We met our Finnish veggie friend earlier this week to go for a meal and she suggested we ate at what she called the ‘Potato Place’ in Cabo Blanco. We had not heard of it so were happy to try it, but as we got closer we realised it was San Martin or what we Brits call ‘The Pig Farm’ and being Thursday it was closed. Being a bit undecided we plumped for going a slightly further down the road to the Iranian restaurant that is just as you enter the village of La Camella. I have wanted to have a meal in the Café Biblioteca since it opened approximately 18 months ago. It always looks inviting but I am generally passing through the day and on the odd occasion when I have passed on an evening, it has looked very quiet or even empty.
We parked opposite and as we reached the door, a waitress was coming out. We asked if they were open and serving meals, as we could not see anyone – of course she said and showed us in. As we stepped over the pebble filled illuminated glass entrance, I was surprised to see how large it was and there were people at several tables. These are on different levels so not immediately obvious from the outside.
It is very cosy once you are inside, the seating is super comfy. The wall colour is warm apricot, which sets off the dark wood and the ultra modern swirling bar and if you want to be close to the bar there are the old-fashioned booths you used to get in American diners. We chose to sit on the lower level and were in good company, Jóse Alberto González Reverón, the mayor of Arona, was at the next table! There were in fact around 20 people eating and a couple drinking and there is plenty of space between tables so nobody is overlooked or overheard.
The decor gives the impression it is an expensive restaurant but we ordered our drinks, and were given the menu and pleasantly surprised. The starters were priced from €1.50 for Iranian bread to €4.50 for bread with salad and two sauces. As there were three of us we opted for two breads and a hummus, the best I have ever tasted and I love hummus and ‘fire’ sauce which was more spicy than hot as I said I didn´t like too much chilli.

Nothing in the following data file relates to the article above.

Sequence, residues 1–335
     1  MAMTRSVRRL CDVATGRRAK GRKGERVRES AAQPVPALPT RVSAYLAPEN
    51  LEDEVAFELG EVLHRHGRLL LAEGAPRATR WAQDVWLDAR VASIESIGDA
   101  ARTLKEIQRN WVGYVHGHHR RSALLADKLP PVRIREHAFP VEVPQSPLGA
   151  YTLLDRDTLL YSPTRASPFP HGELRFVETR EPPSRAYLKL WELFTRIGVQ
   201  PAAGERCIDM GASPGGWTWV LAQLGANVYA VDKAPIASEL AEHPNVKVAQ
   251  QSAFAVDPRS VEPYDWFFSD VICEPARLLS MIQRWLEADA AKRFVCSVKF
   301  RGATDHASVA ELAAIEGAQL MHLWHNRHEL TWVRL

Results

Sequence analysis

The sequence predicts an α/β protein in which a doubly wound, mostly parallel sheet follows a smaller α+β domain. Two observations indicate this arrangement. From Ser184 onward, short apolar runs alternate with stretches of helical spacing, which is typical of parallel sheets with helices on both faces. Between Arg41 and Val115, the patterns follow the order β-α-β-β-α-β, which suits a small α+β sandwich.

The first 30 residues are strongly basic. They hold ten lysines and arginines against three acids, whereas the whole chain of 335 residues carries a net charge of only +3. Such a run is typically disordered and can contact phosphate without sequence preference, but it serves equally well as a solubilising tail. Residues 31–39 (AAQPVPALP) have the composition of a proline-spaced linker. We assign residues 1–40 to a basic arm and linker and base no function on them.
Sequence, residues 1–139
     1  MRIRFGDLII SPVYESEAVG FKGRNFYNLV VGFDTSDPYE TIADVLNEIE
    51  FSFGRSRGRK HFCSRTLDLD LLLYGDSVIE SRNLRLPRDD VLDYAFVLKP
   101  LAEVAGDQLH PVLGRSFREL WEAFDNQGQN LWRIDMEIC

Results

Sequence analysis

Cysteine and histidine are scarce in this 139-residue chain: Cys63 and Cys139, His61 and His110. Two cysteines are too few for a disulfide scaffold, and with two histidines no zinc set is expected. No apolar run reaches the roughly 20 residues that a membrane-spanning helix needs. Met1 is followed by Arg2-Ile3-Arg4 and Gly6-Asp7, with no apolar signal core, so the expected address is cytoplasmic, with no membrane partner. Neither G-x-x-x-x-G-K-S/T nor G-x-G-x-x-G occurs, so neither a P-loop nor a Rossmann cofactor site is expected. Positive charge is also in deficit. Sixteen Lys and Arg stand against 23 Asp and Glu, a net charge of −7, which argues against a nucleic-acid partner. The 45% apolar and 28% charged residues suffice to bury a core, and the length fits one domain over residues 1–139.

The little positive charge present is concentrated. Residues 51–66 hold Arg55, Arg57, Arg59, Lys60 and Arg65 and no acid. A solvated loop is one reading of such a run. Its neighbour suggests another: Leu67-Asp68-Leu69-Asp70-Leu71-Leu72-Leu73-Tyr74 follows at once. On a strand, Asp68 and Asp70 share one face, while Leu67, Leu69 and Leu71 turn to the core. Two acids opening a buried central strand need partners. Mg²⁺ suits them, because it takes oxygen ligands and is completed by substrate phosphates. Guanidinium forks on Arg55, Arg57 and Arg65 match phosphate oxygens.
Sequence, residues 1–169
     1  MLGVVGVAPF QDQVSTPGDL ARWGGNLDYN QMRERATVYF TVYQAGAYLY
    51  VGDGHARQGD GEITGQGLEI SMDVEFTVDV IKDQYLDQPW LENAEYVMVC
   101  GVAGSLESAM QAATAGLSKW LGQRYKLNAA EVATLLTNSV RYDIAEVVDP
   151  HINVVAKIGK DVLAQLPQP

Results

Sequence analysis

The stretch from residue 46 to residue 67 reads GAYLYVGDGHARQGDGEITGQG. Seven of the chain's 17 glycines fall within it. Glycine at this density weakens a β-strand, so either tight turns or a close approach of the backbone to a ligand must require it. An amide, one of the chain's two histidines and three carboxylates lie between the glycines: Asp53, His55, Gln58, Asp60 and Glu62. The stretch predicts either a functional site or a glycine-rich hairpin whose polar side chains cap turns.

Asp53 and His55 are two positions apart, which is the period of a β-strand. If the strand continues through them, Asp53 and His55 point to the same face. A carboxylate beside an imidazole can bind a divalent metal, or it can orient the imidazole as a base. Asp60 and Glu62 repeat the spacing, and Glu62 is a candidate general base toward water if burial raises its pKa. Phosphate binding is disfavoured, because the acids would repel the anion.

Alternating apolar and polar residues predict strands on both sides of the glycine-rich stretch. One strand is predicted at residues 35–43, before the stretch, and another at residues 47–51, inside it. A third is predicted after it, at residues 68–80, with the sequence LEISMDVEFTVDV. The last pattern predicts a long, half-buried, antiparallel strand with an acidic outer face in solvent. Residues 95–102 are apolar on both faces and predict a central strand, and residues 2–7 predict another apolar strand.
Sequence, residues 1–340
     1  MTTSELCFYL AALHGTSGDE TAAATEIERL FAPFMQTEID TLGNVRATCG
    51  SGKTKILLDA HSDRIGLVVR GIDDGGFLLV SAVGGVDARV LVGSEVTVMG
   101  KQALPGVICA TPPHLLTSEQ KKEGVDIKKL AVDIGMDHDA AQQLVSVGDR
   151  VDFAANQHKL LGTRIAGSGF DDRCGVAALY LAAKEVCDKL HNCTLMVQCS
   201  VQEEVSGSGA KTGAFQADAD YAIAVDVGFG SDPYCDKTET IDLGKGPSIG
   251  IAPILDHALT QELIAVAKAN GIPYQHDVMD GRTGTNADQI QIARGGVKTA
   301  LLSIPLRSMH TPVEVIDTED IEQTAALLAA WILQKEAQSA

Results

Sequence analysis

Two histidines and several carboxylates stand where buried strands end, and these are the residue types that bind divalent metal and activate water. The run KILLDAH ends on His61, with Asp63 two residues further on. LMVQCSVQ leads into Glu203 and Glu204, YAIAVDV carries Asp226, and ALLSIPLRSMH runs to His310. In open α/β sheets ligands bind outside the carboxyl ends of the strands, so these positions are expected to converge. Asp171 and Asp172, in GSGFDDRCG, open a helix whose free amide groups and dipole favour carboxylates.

There was plenty of choice even for our veggie friend as the waitress (who was lovely) said they would leave any ingredient out that people didn´t like. We chose the loin of pork in the ‘exotic’ sauce, which was citrus, almonds and pineapple, this was served with rice. OH had a similar meal that was based around turkey and friend had a Nan Pitch a sort of roll stuffed with egg, tomato and cheese served with a fresh salad.
We were hungry so chose from the quick or ‘take away’ menu, if you are more organised you can order the day before or sit in the restaurant for approx 3 hours while they cook you lamb or duck to your specific requirements. These cost €39 but are for two people. Our main courses ranged from €7 – €9.50. I liked the fact that you can see directly into the kitchen and watch your meal being prepared by the chef who looks little more than a teenager but she is excellent at her job.
We were no longer hungry just greedy so we ordered two puddings, a baklava which was two slices of cake enough for friend and me and OH had the Apfelstrudel with vanilla sauce. We followed this with coffees and chupitos – the bill was €57 which also included 2 soft drinks, a glass of red wine and 3 bottles of water, and it was worth every penny. I will certainly be going back.
Apart from the food being delicious it was the little touches I liked, they were happy to change the hot sauce for spicy, to not include ham in the Nan Pitch, to explain what each dish consisted of and the clean lines of the crockery. I also liked the soft music and the fresh flowers on the tables and the bar, but then I’m a push over when it comes to the detail – get it right and I love it, get it wrong and it leaves me cold.